Colin Hodgetts

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The She-Fox of Shinoda


I formed Hartland Chamber Opera to present my puppet opera, The She-Fox of Shinoda, a joint venture with Saruhachi-za, a bunya puppet troupe from Sado Island, Japan. The opera was presented in eight venues in the South West in November 2000: Hartland, Gloucester, Bristol, Bath, Bridgewater, Exeter, Falmouth.

In October 2001 the production went to Japan. The tour began on the island of Sado. We stayed, rehearsed and gave the first performance at Saruhachi-za's centre in a small mountain hamlet. This is a converted school, constructed of wood and set among fir trees with views of the plains and the peaks. Both the dress rehearsal and first performance were filmed by a national TV company.

The second, overcrowded, performance was in the magical setting of the Buddhist Taikeiji Temple, Kanai, Sado. Then to the mainland and the least satisfactory performance of the tour at the Mirage Hall, Uozu, Toyama. This was followed by probably our best performance - I say probably because some participants have other favourites - at Harmony Hall, Matsumoto. The performance was recorded and a limited number of 2-CD sets are available (£10).

The town of Iida hosts an annual puppet festival, and the audience included a number of puppeteers, a bit nerve-wracking for Ken. The next stop was Nagoya, followed by two performances at the Varsity Hall, Koenji, Tokyo. These, like all the others, were well-supported. Responses, too, were very positive. Here are two:

I thought it worked quite wonderfully. I was immeasurably moved at the end, not by the story, but by the respect shown between puppets and puppeteers, singers and musicians. I had tears in my eyes and that doesn't happen very often. Thank you!
(Angela Jeffs, author and columnist for the Japan Times.)

It was a marvellous performance which both stirred my imagination and moved my heart. A truly happy encounter.
(Aiko Chikaba, a director with NHK television.)

Saruhachi-za had come to the UK in 1998 with the Kodo drummers and performed on the South Bank and at the Edinburgh Festival. Takeshi Nishihashi, the troupe's director felt that they had not communicated with a Western audience as well as they might, and so the idea of a puppet opera, with words in English and Western music, was hatched. So far as we can ascertain, no opera for puppets has been composed since Haydn wrote five for the marionette theatre at Esterhazy, none of which is extant.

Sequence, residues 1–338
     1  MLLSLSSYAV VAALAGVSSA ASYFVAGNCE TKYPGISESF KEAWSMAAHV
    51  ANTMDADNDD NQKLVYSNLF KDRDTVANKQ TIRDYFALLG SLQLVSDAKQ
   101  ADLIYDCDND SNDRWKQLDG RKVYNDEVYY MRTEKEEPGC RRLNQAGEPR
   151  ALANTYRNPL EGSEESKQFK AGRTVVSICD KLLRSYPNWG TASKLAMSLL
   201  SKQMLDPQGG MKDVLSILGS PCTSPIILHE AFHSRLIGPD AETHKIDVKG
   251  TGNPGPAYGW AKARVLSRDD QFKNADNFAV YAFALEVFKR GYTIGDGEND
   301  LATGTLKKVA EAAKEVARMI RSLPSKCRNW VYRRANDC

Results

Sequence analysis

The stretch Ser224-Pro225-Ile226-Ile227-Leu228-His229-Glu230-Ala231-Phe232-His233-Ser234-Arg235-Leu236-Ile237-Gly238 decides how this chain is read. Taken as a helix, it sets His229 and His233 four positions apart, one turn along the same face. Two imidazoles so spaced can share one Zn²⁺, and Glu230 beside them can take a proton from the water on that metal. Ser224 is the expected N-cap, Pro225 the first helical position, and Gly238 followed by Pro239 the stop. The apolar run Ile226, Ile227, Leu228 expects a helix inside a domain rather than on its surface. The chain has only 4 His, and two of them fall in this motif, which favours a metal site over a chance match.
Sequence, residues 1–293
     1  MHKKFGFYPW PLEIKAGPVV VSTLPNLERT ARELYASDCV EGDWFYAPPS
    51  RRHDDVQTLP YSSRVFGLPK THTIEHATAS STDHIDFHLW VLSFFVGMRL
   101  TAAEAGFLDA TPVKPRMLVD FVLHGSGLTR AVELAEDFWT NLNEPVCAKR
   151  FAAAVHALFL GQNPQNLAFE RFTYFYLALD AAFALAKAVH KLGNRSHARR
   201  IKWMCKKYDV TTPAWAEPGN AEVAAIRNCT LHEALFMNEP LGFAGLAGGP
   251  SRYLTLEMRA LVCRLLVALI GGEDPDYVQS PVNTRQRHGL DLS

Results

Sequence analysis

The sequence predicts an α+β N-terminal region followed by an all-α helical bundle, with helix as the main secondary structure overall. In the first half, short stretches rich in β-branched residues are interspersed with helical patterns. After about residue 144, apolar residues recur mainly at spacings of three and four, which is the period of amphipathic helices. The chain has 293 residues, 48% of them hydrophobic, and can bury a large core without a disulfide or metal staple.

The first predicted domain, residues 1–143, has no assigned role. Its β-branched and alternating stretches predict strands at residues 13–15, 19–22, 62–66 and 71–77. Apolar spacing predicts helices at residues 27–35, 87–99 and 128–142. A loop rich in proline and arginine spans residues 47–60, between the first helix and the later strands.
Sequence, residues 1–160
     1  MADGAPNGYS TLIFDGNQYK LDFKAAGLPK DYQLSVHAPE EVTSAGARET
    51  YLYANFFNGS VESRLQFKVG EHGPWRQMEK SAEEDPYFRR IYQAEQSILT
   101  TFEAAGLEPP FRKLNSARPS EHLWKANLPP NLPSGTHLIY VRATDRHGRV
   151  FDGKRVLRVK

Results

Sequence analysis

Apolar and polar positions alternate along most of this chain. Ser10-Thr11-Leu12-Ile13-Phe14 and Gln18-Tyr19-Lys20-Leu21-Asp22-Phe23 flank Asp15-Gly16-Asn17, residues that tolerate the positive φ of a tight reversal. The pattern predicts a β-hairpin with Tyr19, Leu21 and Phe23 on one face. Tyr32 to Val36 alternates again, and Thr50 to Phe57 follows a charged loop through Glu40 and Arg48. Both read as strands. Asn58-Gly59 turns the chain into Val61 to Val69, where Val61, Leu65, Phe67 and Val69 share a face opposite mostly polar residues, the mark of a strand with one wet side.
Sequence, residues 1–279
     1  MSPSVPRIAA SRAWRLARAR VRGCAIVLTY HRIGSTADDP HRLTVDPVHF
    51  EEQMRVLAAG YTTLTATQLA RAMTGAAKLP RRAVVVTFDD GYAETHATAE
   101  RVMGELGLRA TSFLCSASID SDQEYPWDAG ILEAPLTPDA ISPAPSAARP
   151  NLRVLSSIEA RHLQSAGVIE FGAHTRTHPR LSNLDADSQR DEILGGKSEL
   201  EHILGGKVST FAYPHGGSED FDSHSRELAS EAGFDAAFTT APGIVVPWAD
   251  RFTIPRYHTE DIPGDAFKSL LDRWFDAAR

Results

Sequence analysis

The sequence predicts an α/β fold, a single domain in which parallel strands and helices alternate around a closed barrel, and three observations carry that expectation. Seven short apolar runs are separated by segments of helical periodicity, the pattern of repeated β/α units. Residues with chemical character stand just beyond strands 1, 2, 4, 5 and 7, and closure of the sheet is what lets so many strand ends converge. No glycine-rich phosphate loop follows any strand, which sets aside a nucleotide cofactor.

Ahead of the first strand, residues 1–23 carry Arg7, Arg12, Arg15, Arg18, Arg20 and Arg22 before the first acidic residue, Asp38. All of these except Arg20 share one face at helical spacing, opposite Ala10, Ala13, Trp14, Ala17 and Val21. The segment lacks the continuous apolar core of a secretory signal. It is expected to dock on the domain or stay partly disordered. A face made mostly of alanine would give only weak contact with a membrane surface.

The text for the play Shinoda-zuma (The She-Fox of Shinoda) belongs to the genre of sekkyo-bushi (lit. ‘sermon-ballad’) a very old form originating in the 9th or 10th centuries and first used with puppets in the 17th century. Historically, this makes it older than joruri ballads, on which bunraku puppets are based. Shinoda-zuma is one of the ‘famous five’ stories of this genre. Another is Sansho-dayu, made into a wonderful film by the director Kenji Mizoguchi.

The story concerns a nobleman, Yasuna, who, having killed the man who murdered his father, is living in exile in Shinoda forest. He has saved a vixen and she, out of gratitude, has become a beautiful woman, Kuzu-no-ha.

They marry and now have a five-year-old son, Doji. One day Kuzu-no-ha is working at her loom when, reminded of her former life by the sight of wild chrysanthemums, she reverts to her fox form. The boy wakes, sees her, and is terrified.

Now that her true nature has been revealed she can no longer remain with her family but must return to the wild. She writes an explanatory farewell letter to her husband and attaches it to Doji’s sash. Then she writes a poem on the paper wall and, her son being asleep, disappears. Yasuna returns to find Doji in a state. Reading the poem and the letter he determines to get his wife back. Doji insists on going with him.